Authorities are warning parents in Belarus that they could lose custody of their children if they take them to anti-regime protests. But not everyone is deterred by this warning.
Belarusian Deputy Prime Minister Igor Petrishenko, whose job includes ensuring that children’s rights are respected, recently announced that legal action could be taken against people who bring their kids to demonstrations against President Alexander Lukashenko. Not only would they face the prospect of steep fines — but now also risk losing custody of their children.
The public prosecutor has already sent out 140 warnings to this effect. Yet few Belarusians are letting such threats deter them. DW spoke to a number of parents about their experiences, and whether they will continue taking children to protest marches.
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"There are many ways of exerting pressure on families," Veronika, a journalist who has three children told DW. Even people who had done nothing illegal feared a knock at their doors, she said. Veronika wants her children to grow up in a free Belarus, where authorities do not abuse their power. "If we do not manage to establish democracy, equality and the rule of law now, it will on the next generation to do so."
Veronika and her husband have attended numerous anti-Lukashenko protests with their children. She was never concerned for their, or her own, safety. "For security reasons, you should always join a large group of people," she says. "When you realize there are thousands of people in the streets, you know there are nowhere near enough police officers to harm you."
"If protesters lose custody of their children, this will only add to their sense of frustration," said Alexey, who has a 4-year-old daughter and works in the financial sector. Belarusians will simply leave their kids at home and continue protesting, he said. Alexey's family moved from Brest to Minsk, where he and his partner have no relatives who can look after their daughter while they take to the streets. That is why, he said, "we took her along several times."
Alexey said his fellow protesters were cautious: "It is mostly well educated, intelligent people who go to the marches, which usually take place on wide streets with plenty of space to get out of the way." He said he was unaware of a single case in which police officers had arrested parents who brought children with them.
But Alexey is worried the situation could escalate further. He says protesters are increasingly at risk, with mass arrests common. He has therefore decided to attend protest marches on his own. But he thinks children should be made to understand what their parents are protesting for, "Because if we have no success changing this country, maybe one day they will."
"We attended all major protest marches," Elena, a mother of two teenage boys, told DW. Before the presidential election in August, she said she and her partner had never thought about the potential risks of protesting. So they took their 14 and 16-year-old sons along.
But, on August 9, the evening of the election, she was shocked to see police officers use violence against protesters. "After that, I decided to leave my children at home," she said. Elena is especially worried her teenage sons could fall victim to police brutality. "You never know what to expect from the police."
Elena said many schoolchildren had covered their notebooks with the country’s historical white-red-white flag, which has become a symbol of the anti-Lukashenko opposition movement. So far, she said, none of the teachers have complained about this.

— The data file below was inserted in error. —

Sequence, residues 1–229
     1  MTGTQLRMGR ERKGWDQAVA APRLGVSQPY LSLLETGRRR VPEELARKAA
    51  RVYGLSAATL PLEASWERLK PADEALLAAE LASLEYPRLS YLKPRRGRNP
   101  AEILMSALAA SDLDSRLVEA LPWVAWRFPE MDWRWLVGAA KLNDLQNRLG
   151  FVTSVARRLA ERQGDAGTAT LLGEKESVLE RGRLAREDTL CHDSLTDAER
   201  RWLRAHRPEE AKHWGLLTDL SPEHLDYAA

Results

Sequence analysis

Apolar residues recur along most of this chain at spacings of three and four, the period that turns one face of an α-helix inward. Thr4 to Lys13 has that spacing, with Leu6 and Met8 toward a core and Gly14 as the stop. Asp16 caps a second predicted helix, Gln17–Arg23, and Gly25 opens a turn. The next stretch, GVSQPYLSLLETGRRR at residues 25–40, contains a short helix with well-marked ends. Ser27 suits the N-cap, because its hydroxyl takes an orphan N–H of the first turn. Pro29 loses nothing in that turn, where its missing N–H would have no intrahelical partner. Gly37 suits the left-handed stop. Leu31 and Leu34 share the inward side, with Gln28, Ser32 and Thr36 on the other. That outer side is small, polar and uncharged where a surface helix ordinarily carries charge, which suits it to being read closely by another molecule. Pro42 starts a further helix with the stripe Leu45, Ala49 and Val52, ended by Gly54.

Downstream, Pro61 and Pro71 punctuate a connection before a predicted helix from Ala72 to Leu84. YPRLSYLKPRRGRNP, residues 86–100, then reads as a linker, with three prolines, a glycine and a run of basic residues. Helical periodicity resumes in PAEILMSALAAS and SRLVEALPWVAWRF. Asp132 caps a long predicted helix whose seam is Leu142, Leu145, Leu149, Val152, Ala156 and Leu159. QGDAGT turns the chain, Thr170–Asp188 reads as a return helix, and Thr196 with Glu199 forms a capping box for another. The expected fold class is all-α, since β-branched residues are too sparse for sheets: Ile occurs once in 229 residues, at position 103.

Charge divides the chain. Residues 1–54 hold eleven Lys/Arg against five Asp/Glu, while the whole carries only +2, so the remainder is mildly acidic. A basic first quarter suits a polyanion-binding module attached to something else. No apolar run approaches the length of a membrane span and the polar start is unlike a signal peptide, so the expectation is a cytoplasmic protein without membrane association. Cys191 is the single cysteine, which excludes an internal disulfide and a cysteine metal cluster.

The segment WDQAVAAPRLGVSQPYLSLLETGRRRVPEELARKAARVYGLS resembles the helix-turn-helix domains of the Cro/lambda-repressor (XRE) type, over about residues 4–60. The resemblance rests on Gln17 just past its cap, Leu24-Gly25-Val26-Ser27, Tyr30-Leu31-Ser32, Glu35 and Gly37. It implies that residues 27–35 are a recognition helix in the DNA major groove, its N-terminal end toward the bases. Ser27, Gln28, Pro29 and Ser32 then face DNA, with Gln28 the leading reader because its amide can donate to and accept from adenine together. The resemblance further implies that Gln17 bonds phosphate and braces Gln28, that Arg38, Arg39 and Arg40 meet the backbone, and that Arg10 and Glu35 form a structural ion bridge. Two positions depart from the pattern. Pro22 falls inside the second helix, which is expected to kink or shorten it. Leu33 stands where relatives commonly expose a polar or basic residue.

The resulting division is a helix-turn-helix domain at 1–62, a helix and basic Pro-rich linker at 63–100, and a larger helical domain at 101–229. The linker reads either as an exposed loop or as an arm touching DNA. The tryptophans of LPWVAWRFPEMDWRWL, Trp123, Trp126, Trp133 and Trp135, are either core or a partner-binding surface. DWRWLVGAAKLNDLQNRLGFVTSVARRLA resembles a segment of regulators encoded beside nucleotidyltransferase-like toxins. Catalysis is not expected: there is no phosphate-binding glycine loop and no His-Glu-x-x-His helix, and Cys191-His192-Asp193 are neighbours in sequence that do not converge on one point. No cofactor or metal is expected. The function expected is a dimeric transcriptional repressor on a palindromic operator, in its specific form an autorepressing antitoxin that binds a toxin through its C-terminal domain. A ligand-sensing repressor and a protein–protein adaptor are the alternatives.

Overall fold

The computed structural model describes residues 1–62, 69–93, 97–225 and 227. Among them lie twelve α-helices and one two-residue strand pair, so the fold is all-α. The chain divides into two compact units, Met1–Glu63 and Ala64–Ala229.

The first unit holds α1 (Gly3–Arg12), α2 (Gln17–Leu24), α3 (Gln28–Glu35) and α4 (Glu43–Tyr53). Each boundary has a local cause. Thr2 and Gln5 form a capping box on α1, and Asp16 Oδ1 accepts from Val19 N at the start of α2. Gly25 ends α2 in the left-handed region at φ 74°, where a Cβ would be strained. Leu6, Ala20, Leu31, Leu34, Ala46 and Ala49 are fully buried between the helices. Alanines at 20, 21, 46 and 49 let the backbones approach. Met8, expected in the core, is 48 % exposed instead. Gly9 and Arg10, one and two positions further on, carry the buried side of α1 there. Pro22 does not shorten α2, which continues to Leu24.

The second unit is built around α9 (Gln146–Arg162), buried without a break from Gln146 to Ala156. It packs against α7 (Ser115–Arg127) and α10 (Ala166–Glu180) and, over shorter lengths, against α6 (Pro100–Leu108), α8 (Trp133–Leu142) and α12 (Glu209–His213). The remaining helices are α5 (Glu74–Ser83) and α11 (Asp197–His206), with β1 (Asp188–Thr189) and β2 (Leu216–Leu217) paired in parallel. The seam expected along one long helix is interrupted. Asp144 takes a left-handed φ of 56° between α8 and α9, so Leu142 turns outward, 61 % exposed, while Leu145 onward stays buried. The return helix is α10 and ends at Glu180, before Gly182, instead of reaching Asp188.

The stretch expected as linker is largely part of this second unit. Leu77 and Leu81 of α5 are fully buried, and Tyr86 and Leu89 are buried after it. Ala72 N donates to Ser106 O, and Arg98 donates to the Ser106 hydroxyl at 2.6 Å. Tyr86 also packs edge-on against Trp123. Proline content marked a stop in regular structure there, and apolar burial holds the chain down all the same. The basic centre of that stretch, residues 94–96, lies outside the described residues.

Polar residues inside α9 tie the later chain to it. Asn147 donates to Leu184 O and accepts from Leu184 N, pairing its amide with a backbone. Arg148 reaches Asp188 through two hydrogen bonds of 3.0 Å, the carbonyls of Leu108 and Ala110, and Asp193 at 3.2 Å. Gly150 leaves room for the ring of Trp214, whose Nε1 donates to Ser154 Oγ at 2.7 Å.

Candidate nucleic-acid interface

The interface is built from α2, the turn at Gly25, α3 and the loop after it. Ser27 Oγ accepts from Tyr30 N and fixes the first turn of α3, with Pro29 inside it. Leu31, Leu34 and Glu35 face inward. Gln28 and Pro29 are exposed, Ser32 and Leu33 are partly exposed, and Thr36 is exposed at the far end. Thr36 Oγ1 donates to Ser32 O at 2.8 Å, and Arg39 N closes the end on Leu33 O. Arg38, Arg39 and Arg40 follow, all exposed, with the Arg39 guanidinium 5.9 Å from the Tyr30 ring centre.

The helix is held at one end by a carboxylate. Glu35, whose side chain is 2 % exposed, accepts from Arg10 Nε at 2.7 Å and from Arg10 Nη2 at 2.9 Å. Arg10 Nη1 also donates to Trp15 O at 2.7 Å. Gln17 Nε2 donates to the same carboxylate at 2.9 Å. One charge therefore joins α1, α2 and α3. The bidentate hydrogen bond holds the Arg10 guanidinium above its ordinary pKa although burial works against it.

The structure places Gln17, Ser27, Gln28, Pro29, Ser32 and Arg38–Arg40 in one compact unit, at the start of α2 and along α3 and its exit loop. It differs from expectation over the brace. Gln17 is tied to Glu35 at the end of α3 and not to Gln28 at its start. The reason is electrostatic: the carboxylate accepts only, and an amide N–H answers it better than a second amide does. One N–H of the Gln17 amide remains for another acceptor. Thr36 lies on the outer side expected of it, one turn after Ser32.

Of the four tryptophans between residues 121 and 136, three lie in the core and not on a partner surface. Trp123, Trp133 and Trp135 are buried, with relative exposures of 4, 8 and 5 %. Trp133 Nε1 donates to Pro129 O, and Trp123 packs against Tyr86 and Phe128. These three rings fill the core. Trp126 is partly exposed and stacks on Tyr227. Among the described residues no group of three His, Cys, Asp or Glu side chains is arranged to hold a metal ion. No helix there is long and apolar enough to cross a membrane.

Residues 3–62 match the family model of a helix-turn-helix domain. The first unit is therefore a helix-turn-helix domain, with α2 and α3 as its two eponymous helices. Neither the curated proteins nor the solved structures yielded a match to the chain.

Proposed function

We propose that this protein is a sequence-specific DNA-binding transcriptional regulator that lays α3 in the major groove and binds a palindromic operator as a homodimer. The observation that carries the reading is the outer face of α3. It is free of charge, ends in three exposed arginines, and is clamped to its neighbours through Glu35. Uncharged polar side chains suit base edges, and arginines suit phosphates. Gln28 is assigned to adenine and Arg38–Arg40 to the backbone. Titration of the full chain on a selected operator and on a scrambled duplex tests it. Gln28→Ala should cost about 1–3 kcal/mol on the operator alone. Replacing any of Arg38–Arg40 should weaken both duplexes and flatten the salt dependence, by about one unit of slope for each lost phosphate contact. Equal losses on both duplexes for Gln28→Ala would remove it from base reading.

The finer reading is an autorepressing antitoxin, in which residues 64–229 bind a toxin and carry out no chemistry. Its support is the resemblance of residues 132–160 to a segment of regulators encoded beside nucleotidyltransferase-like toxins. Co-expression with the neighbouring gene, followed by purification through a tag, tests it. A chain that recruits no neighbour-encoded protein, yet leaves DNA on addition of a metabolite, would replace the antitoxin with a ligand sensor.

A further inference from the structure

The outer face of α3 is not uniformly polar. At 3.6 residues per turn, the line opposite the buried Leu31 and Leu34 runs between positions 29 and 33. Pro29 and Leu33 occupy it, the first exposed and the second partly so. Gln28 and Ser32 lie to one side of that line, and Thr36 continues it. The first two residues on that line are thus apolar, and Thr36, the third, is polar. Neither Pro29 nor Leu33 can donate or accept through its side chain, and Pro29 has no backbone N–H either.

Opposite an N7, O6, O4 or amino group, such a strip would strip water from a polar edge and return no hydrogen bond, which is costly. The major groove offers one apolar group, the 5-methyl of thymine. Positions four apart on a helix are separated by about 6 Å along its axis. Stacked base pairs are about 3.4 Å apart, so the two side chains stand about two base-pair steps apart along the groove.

At one Minsk school, authorities handed out red-and-green flags, which are used by Lukashenko loyalists to show support for the regime, said Natalia, an accountant who is the mother of an 8-year-old and a 15-year-old. "The children were told to march, and were filmed doing so."
Natalia took her children to just one protest march. "My oldest son is quite tall and could easily be mistaken for an adult," she said. "I’m worried about his safety." But Natalia said she had joined the anti-Lukashenko marches every day in the wake of the elections. Now, she limits herself to Sunday marches, where she spots many families with children — including infants. "I would not risk that," she said. "It is safer to go alone." She called the regime’s threat to take children from their parents an attempt at intimidation. "Legally, this is very difficult for authorities to do."
A father of two who works in education and asked to be called Oleg said he went to his local polling station on the election night to find out the results. But there was no information about the outcome, as members of the electoral commission had fled through the cellar.
Oleg said he and his family then closely followed the events unfolding in Minsk. "We witnessed apocalyptic scenes as we made our way home from work on the evening of August 11," Oleg said. "We could see neither cars nor means of public transport — only police officers and vehicles from the special security units on the streets." Oleg said he did not know how to explain the situation to his 8-year-old son, who, unlike his older daughter, lives with him.
Oleg said his son joined him at some of the anti-Lukashenko protests. "I wanted to drop him off with his grandmother on August 16, but he said he wanted to join us," Oleg said. "Then, he went and made his own red-and-white flag for the next march." But, now that authorities have threatened to take children out of their parents’ custody, his son must stay home, Oleg said. "This does not mean we are less committed to the opposition movement," he added. "We will bring up our children to become upstanding citizens, who are entitled to their own views and free speech."
This article was translated from German by Benjamin Restle.